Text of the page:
Brad Anderson says surveys consistently show older Iowans would prefer to stay at home rather than enter a nursing home, yet Anderson says Iowa has among the highest rates of people with low-care needs in nursing homes.
“There are a lot of people in nursing homes right now that could get that care or better at home, which is where they want to be,” Anderson says. “COVID-19 is a wake-up call to this industry and the time has come to start having those conversations at the federal level and at the state level.”
A spokesman for the industry says federal standards forbid people from being admitted to nursing homes unless they have a need for skilled care. AARP urges policymakers to consider shifting spending to in-home and community-based services. Anderson also says it’s time to ensure the 55,000 Iowans who care for elderly Iowans are properly compensated for their work.
“The median age for a direct care worker right now is $13.80,” Anderson says. “$13.80 is not enough money for the type of work these folks are doing.”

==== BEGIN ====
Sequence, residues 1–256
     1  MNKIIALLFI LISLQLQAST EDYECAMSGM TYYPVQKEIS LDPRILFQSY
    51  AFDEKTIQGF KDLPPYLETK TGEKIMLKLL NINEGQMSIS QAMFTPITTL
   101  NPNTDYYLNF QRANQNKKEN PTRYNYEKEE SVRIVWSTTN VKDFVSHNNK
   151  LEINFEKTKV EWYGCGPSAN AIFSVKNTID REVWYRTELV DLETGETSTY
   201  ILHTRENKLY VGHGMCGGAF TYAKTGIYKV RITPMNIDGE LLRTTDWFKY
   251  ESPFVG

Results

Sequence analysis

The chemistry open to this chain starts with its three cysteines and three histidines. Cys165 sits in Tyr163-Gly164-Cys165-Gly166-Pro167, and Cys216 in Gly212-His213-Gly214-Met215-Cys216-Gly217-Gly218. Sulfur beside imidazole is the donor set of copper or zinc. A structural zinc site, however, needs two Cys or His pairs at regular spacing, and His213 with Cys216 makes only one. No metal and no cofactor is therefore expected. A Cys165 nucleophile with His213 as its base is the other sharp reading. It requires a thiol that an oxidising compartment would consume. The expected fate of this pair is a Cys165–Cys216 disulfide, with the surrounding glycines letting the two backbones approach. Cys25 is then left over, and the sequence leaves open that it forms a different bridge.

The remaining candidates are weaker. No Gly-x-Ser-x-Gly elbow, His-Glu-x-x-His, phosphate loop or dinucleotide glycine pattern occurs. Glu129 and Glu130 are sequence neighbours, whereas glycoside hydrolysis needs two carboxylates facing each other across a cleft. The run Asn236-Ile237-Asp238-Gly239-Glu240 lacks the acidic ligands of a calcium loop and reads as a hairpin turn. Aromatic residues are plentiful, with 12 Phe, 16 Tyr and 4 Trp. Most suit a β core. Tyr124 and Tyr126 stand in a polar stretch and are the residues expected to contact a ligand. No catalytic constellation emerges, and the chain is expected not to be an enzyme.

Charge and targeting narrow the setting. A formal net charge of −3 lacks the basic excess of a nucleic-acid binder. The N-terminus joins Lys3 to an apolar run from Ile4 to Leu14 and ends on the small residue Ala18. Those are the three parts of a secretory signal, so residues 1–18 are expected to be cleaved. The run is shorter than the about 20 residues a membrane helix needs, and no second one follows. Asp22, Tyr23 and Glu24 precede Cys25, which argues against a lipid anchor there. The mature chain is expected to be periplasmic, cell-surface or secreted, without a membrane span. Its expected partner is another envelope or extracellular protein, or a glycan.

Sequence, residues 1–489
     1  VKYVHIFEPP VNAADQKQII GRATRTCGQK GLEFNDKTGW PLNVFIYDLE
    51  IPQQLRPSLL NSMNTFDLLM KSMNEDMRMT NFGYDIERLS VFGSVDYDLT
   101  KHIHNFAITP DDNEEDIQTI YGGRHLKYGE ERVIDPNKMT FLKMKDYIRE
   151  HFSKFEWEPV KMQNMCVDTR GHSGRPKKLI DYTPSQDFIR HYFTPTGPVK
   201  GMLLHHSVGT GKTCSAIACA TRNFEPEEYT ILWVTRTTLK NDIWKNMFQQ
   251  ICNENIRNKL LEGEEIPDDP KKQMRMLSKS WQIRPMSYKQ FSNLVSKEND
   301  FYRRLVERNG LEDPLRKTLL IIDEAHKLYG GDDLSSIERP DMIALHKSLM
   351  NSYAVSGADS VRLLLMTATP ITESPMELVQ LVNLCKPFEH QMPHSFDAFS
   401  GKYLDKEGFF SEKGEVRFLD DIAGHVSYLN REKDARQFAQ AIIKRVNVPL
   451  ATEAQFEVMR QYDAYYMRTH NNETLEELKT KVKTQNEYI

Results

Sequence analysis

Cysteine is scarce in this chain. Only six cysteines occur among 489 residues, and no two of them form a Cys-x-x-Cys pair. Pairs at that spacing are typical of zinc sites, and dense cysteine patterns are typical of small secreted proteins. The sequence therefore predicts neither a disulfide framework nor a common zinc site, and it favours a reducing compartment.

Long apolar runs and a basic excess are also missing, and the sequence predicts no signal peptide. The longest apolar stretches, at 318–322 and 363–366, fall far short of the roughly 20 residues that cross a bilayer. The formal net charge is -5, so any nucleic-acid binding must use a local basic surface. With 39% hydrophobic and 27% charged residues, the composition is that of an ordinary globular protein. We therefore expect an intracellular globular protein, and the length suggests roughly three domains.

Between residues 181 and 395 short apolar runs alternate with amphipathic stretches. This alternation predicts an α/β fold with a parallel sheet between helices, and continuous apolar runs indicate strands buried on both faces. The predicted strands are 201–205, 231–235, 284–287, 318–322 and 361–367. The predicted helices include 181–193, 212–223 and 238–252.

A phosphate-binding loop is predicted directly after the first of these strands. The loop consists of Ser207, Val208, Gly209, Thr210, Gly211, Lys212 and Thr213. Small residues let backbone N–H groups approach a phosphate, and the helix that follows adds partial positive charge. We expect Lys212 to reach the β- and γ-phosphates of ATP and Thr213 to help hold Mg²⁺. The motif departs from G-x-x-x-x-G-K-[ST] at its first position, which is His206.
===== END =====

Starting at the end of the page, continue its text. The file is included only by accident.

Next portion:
The state website indicates there are COVID-19 outbreaks in 39 Iowa nursing homes. Anderson says the employees and the 23,000 Iowans who live in nursing homes need to be tested regularly for COVID-19, to guard against outbreaks.
“It is incredibly sad what is happening in nursing homes today and we have to do better,” Anderson says. “The virus in nursing homes is just like a prairie fire that is blazing across a dry prairie and we need to do everything we can to stop that fire.”
Anderson made his comments recently during an appearance on Iowa PBS. State officials have reported 309 residents have died of COVID-19. That accounts for nearly half of the virus-related deaths in Iowa this year.